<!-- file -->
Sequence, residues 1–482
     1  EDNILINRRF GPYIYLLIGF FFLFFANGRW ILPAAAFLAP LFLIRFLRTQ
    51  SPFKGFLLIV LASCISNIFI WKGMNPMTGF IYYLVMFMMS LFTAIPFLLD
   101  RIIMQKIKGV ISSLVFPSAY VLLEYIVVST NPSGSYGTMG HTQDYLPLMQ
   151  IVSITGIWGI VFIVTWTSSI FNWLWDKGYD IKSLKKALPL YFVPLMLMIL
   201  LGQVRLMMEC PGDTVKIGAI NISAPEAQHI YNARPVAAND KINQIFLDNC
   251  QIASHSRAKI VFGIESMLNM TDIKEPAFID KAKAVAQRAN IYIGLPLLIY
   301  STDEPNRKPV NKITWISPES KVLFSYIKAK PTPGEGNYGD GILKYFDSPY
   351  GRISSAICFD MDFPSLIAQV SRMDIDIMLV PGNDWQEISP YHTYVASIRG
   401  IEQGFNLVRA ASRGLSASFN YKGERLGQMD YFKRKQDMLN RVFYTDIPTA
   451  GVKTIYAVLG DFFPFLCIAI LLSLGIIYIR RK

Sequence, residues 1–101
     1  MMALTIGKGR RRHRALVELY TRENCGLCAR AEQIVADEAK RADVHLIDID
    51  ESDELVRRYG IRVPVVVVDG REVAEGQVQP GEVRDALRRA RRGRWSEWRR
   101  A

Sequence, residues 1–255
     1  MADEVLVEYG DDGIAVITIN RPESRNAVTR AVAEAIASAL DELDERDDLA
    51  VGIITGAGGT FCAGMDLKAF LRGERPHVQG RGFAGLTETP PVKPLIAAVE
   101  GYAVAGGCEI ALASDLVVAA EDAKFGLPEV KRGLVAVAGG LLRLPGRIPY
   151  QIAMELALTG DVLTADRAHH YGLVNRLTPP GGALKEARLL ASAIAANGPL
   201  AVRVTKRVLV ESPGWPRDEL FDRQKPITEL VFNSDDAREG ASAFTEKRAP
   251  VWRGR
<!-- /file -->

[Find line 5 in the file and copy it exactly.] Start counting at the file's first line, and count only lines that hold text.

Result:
   151  IVSITGIWGI VFIVTWTSSI FNWLWDKGYD IKSLKKALPL YFVPLMLMIL